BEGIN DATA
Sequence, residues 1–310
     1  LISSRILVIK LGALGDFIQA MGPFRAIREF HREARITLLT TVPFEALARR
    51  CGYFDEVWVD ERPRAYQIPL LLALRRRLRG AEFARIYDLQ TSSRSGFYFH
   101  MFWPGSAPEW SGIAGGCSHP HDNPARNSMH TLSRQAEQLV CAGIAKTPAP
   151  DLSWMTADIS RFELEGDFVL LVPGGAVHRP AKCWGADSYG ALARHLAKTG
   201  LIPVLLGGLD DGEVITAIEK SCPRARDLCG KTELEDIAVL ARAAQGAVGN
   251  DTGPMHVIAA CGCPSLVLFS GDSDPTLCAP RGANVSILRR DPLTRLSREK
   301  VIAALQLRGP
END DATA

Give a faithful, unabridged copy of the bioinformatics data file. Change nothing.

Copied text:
Sequence, residues 1–310
     1  LISSRILVIK LGALGDFIQA MGPFRAIREF HREARITLLT TVPFEALARR
    51  CGYFDEVWVD ERPRAYQIPL LLALRRRLRG AEFARIYDLQ TSSRSGFYFH
   101  MFWPGSAPEW SGIAGGCSHP HDNPARNSMH TLSRQAEQLV CAGIAKTPAP
   151  DLSWMTADIS RFELEGDFVL LVPGGAVHRP AKCWGADSYG ALARHLAKTG
   201  LIPVLLGGLD DGEVITAIEK SCPRARDLCG KTELEDIAVL ARAAQGAVGN
   251  DTGPMHVIAA CGCPSLVLFS GDSDPTLCAP RGANVSILRR DPLTRLSREK
   301  VIAALQLRGP